He believes, and we agree with him on this point, that the US markets are over-priced. The odds in favour of a serious correction have increased since the start of the year. Earnings growth in the US has moved in to negative territory right now. And valuations are near record levels.

The US economy never fully recovered from the recession of 2008-09. The recovery is still so weak, that the US Fed refuses to normalise interest rates. And Faber believes more easy money policies could be on the way.

With the EU and China already having cut interest rates, Marc Faber thinks the Fed may launch another round of QE! If that happens, then the crash will be averted, at least temporarily. However, it will not resolve the underlying economic problems. World markets would only set themselves up for an even bigger crash down the line we believe.

Global markets closed the week on a positive note with a majority of the indices ending in the green. Stock markets in Europe and US surged upwards after the European Central Bank hinted that further rate cuts were being considered to stimulate the euro zone economy. The stock markets in Germany and France were up by 6.8% and 4.7% respectively during the week.

The China's central bank cut interest rates on Friday for the sixth time in less than a year. Further it again lowered the amount of cash that banks must hold as reserves in a bid to jump start growth in its stuttering economy. Majority of the Asian markets ended the week on a positive note. The stock markets in Japan and Singapore were up by 2.9% and 1.2% respectively during the week.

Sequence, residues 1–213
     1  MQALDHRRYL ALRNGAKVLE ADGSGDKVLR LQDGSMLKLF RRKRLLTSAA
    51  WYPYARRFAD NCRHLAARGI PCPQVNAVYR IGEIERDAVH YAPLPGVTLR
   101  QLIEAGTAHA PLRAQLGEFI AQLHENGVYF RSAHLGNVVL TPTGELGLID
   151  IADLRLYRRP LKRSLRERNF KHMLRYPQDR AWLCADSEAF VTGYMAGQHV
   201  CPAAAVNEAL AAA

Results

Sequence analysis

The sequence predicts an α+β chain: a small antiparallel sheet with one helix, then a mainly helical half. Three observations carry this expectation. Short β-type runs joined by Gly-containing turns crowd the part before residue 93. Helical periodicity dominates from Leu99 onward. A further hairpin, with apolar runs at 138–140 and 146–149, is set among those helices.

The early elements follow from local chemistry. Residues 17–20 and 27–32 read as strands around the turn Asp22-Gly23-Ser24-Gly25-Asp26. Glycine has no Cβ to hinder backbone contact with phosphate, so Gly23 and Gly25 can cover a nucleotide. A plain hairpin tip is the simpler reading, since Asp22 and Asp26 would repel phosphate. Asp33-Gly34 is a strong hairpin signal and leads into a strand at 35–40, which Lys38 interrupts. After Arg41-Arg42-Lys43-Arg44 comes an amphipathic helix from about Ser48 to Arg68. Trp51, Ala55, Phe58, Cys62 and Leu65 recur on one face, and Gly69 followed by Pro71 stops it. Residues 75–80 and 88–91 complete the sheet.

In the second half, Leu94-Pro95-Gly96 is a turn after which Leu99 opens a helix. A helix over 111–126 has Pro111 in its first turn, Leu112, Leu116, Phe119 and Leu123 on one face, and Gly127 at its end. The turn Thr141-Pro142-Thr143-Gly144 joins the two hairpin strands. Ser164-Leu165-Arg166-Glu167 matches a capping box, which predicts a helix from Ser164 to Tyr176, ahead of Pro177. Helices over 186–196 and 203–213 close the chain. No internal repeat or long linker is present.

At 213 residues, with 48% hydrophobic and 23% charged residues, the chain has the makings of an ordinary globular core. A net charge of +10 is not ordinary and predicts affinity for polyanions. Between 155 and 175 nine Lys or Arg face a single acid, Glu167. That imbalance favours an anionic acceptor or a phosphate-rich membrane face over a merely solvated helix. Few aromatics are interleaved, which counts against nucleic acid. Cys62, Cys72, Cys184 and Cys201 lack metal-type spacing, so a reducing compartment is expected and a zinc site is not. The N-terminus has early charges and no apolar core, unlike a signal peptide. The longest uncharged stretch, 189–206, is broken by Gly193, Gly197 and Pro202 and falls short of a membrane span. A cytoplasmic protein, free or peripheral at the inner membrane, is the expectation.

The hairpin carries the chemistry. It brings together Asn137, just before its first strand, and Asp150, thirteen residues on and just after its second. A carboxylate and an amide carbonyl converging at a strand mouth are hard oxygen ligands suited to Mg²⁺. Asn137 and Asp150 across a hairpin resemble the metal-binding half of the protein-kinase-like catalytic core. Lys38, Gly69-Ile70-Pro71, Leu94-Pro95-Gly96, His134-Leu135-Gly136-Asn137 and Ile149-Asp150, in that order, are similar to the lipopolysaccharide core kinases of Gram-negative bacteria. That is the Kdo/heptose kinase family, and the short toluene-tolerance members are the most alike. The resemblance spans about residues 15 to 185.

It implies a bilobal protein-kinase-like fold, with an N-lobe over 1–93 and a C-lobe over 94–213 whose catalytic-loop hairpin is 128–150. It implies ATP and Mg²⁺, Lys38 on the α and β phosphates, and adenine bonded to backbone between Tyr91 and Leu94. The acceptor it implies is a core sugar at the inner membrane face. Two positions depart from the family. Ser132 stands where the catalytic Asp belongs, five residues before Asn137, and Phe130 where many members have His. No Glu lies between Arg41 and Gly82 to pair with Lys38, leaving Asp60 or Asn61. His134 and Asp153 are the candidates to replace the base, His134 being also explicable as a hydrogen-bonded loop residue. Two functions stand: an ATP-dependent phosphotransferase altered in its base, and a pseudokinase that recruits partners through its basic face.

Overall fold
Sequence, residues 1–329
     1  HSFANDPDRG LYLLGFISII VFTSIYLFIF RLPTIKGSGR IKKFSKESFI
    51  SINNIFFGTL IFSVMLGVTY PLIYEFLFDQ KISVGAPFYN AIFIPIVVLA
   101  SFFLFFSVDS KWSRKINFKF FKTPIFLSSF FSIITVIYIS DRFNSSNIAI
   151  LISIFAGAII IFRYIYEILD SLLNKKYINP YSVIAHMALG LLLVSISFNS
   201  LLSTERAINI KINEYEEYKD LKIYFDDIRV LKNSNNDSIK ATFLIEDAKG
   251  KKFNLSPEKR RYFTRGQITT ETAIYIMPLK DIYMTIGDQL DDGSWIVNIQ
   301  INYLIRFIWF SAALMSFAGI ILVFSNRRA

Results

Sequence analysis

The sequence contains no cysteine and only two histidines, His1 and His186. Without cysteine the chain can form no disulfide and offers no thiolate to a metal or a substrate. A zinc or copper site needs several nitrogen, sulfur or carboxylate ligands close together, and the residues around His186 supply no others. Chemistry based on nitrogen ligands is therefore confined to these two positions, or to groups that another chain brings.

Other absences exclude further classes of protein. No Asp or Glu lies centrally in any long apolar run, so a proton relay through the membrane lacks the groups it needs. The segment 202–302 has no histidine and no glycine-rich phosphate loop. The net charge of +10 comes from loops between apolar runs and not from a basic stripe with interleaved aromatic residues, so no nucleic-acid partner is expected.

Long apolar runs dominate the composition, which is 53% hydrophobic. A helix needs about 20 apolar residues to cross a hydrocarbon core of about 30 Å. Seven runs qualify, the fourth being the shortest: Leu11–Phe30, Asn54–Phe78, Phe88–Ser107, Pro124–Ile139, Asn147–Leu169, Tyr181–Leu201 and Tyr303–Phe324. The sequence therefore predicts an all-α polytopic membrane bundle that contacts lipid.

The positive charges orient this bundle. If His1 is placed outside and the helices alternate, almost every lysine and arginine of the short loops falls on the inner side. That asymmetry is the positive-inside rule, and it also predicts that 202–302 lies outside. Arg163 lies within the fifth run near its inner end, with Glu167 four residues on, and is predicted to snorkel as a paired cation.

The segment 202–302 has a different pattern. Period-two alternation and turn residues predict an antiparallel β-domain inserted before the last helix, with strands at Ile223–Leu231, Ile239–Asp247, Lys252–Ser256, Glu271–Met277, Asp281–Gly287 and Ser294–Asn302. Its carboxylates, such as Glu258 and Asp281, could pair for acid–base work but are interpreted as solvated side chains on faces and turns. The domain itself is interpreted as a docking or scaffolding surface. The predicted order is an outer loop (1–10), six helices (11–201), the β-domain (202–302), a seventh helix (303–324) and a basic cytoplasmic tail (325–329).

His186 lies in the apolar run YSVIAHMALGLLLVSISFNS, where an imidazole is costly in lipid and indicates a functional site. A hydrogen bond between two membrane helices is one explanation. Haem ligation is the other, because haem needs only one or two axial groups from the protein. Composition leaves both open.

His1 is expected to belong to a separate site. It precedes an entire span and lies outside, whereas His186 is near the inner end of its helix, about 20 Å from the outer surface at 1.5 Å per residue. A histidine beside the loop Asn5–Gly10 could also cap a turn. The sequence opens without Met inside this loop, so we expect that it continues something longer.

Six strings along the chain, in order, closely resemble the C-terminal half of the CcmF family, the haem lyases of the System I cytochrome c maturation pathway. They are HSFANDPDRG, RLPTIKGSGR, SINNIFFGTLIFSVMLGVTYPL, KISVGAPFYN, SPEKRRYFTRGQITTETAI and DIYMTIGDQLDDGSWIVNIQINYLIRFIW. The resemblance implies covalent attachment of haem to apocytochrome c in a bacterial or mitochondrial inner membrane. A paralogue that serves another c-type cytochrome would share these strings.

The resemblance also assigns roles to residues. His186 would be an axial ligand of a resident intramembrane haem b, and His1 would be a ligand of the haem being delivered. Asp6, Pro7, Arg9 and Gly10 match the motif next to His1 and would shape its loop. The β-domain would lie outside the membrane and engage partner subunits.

Coming to the US markets, Fed holds two more policy meets this year: next week and in December. Market expectations for a rate hike have shifted to next year in recent weeks, though some haven't completely ruled out a hike in December. Data released on Tuesday showed US housing starts rose solidly in September on soaring demand for rental apartments, a sign that the housing market continues to steadily improve. The stock markets in US were up by 3.1% during the week.

Back home, the Indian markets ended higher by 0.9% during the week. The Index of Industrial Production (IIP) rose to 6.4% for the month of August. Electricity generation, mining, and manufacturing output grew by 5.6%, 3.8% and 6.9% respectively during the month.

Performance during the week ended 23rd October, 2015

 Weekend investing mantra
"We have consistently tried not to lose money and, in doing so, have not only protected on the downside but also outperformed on the upside."- Seth Klarman

This edition of The 5 Minute WrapUp is authored by Rahul Shah (Research Analyst).

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1 Responses to "Here's what successful investing is all about"


Oct 24, 2015

One of the most outstanding aspects of investor behaviour i have read.The hard wiring of our responses in crisis.congrats for this write up.Thanks.